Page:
I was having coffee with a friend, a retired school librarian, and as usual, book recommendations were flying across the table in tennis-match fashion. Many of the titles we touched on only briefly, confirming that the other had read one, or that it was on her TBR list. I was surprised to learn, in our meandering journey through our minds’ libraries, that my friend was unfamiliar with Markus Zusak’s The Book Thief. I told her that I found it to be easily the most compelling story I have read in my adult life, putting up a good fight for my #1 favorite slot and threatening the book that has had that honor since I was 12. She then made an observation that seems so absurdly obvious that I couldn’t believe I’d never really thought about it: she said that it takes a lot for a book to change our lives as adult readers, far more than it does when we are in grade school or even high school. As we talked about this a bit, I knew it to be absolutely true: our relationships with the people in our world, the challenges we face, the successes and failures we celebrate and mourn, every life experience we have as we grow through young adulthood makes it a little harder for an author to create a new feeling, a new awareness, a new idea or world view. Perhaps that’s why I became drawn to fantasy and speculative fiction more as an adult: the possibility that an author could present me with something outside of my existing understanding of my personal universe is greater in those genres.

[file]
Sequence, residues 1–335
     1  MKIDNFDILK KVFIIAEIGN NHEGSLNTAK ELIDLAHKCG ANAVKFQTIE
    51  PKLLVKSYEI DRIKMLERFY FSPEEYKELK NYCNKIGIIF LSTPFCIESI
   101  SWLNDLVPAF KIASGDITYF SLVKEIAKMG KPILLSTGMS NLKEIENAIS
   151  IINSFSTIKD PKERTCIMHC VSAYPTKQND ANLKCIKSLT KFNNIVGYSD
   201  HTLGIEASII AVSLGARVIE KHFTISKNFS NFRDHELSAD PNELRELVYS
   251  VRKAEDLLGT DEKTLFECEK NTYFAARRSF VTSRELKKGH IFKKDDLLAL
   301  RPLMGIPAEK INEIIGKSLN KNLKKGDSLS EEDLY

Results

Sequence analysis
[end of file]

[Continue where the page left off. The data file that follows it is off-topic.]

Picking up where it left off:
It also got me thinking about more of the books I remember from my early childhood and middle youth. How the main characters were always ones with whom I shared some integral likeness – above-average intelligence, heightened empathy, and low self-esteem make the most frequent appearances – but who also had something I didn’t. Sometimes it was the means to pursue an Ivy League education seriously; I’d read about people who owned houses with, you know, guest rooms and matching dining room sets and things. Sometimes they were stunningly beautiful, which made it possible for them to be popular AND an egghead. Sometimes they could move shit with their brain-power focused through their eyeballs. Things I couldn’t even dream of, because they were so far removed from my reality.
Now, I’ve learned enough about life and experienced enough of it for myself that an author can’t woo me so easily. I find myself critiquing rather than simply appreciating. I don’t see the world many authors write about as an unfamiliar one anymore. One that seems as far removed as the distant planets of science fiction, or the alternate realities hiding in fantasy. The world of adult emotions, responsibilities, opportunities, and dreams-turned-reality. Now, I have so much of all of that that I miss that childlike ability to view it from the outside and *want* it.
And I still really wish I could move shit with my eyes.
What’s the biggest difference you’ve noticed in yourself as an adult reader versus a young reader?